School Choice: A Teacher Speaks

April 1, 2013 / 12:05 pm • By Dr. Melissa Clouthier

Kids marching in line at school.

Kids marching in line at school.

Allow dollars to follow the child. A Texas teacher makes her case for school choice:

Texas has increased education spending 95% with a 19% increase in school age population while test scores are flat.

I’m coming to believe test scores are less important. A child should be able to read, do simple math, and write by the age ten–5th grade (and that’s me just being arbitrary). With the innovations in education and the ability to tailor education to a kid, the money should be freed up. There are just so many ways a kid can be educated now.

My kids are in public school and all of them could probably be in environments better suited to their needs. Children develop in uneven ways.

It’s strange to think, but the one-room school house actually catered to kids better in some ways. A slow learner could be paired with kids coming along. A quick learner could accelerate as quickly as he wanted.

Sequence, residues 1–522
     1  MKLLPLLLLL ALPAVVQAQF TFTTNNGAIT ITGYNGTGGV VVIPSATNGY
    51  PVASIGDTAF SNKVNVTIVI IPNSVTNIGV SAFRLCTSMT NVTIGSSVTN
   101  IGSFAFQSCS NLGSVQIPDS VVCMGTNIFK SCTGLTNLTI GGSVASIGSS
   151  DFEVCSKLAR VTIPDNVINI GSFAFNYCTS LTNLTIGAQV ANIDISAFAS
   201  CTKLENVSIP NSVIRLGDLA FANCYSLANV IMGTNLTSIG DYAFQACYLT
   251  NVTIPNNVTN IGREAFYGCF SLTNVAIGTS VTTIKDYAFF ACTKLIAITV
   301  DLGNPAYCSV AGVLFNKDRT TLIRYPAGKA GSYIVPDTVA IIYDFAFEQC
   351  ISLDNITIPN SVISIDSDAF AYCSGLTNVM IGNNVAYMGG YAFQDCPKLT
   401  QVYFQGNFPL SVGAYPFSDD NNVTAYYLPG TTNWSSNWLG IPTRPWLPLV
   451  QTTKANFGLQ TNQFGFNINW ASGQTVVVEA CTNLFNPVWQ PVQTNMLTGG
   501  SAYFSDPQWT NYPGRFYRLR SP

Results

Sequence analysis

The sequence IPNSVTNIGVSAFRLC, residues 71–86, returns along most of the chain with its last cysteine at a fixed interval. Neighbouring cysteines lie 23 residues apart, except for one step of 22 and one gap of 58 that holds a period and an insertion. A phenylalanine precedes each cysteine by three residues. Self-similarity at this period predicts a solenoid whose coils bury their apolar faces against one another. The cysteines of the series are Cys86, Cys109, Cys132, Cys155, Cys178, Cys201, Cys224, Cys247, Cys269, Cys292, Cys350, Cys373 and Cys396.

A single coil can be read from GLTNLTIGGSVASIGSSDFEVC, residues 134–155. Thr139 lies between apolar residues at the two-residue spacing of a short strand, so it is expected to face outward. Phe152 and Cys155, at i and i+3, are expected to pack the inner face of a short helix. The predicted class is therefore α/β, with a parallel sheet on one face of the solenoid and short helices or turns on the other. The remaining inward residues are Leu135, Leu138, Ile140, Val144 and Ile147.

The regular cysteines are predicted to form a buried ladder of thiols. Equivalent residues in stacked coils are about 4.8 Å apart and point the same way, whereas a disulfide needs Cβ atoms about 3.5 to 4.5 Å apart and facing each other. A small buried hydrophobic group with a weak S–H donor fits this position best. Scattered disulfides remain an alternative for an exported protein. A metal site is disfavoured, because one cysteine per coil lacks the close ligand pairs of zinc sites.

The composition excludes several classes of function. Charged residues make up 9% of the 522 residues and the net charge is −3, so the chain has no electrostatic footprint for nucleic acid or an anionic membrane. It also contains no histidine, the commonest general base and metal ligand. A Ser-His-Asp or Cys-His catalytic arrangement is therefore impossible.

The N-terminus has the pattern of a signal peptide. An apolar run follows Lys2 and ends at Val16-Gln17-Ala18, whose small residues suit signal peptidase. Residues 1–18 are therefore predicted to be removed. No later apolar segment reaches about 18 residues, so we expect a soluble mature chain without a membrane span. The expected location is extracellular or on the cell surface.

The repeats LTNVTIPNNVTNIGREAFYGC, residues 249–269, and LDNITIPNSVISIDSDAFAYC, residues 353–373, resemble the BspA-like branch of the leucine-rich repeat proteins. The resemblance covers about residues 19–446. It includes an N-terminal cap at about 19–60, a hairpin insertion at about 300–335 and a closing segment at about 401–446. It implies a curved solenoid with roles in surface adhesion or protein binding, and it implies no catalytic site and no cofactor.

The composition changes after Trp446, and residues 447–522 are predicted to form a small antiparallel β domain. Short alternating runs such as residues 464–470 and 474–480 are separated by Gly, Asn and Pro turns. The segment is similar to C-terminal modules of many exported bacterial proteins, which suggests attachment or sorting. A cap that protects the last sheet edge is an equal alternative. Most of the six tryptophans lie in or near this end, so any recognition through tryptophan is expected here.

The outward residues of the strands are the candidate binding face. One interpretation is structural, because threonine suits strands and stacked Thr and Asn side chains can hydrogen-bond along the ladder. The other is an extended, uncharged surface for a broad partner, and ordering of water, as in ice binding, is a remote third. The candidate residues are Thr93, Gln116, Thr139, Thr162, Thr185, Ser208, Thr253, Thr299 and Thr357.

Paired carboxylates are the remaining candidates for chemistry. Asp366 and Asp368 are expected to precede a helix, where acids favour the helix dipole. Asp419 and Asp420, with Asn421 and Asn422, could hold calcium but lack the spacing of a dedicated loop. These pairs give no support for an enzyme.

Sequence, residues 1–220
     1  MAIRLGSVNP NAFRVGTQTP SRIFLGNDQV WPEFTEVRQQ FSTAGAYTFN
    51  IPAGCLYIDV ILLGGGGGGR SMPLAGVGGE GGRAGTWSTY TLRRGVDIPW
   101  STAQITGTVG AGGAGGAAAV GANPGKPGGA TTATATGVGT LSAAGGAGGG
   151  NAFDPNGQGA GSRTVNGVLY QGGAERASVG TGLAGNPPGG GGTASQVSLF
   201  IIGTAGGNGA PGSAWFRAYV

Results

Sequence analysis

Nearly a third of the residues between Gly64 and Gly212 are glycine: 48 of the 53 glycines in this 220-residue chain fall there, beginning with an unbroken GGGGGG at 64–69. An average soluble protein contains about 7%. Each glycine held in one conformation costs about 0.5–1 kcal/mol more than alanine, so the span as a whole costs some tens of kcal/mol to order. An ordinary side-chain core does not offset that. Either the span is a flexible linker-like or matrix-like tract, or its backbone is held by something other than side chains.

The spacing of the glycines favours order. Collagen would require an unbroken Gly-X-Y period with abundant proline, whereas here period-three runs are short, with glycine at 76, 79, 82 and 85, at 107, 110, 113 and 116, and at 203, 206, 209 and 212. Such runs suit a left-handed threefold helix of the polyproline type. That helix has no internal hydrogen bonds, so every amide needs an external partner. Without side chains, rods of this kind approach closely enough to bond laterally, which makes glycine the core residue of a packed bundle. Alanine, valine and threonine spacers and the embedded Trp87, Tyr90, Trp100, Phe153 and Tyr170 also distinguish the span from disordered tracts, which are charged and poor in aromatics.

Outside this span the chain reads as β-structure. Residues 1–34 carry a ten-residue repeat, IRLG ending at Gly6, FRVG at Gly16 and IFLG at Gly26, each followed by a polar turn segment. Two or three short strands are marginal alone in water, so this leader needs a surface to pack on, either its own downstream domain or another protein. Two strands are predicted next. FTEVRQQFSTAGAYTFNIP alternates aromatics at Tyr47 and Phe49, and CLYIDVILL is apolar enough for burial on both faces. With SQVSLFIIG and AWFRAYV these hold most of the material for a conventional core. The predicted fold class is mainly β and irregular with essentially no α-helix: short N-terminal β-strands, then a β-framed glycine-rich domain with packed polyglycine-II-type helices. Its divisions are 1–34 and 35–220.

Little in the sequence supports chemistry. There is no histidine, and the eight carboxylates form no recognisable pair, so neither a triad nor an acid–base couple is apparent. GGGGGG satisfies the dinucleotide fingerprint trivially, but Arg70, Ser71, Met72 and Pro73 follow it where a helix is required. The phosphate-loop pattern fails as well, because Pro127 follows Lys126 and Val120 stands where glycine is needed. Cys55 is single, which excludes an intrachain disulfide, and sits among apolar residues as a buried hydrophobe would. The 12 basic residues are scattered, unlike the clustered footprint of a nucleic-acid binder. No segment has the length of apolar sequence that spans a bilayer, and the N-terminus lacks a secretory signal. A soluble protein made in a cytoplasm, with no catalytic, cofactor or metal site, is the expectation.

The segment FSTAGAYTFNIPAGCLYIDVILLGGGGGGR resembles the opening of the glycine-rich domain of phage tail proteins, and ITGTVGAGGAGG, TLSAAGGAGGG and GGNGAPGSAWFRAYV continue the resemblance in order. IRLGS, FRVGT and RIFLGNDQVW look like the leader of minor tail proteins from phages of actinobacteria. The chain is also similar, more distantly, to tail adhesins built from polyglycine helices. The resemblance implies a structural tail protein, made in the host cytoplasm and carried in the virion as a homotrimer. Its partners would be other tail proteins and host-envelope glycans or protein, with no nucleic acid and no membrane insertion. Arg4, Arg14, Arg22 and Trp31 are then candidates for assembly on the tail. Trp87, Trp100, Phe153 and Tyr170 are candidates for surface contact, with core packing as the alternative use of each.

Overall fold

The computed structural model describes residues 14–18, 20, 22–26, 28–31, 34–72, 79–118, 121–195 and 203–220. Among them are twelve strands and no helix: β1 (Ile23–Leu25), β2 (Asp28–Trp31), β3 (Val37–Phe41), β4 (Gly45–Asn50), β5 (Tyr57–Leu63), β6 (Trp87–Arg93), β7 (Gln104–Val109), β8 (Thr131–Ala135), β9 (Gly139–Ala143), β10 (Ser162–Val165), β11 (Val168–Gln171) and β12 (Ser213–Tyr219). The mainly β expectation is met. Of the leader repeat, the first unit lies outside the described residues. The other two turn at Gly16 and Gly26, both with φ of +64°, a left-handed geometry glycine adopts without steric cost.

Our current educational system is just not responsive to the individual. Freeing up money and allowing kids to thrive in environments suited to them would be a step in the right direction.

  • http://twitter.com/Americonomist Americonomist

    Of course, the conservative case against school choice, which is after all simply another form of coercive wealth redistribution, is that it enables government regulations and standards to follow government funding which turns them into adjuncts of the state. Institutions will defend government when individuals tied to them depend on the state for their incomes. This is why school choice tends to pervert the character and mission of otherwise sound educational institutions over time.

    Conservatives used to argue for the complete privatization of educational funding because they recognized the natural right of families to control the education of their children–a right that superseded any claim of government. Conservatives don’t make such arguments today because (i) they like government more than they did in the past and (ii), especially in education, school funding and the redistribution it entails have become a source of jobs and influence for them.

    Abolish compulsory education laws and allow families to secede from schools they don’t like, but don’t provide “choice” welfare to them if they do so. In other words, don’t expand the number of families on the government teat. Only then will we see true market alternatives to education absent the state control.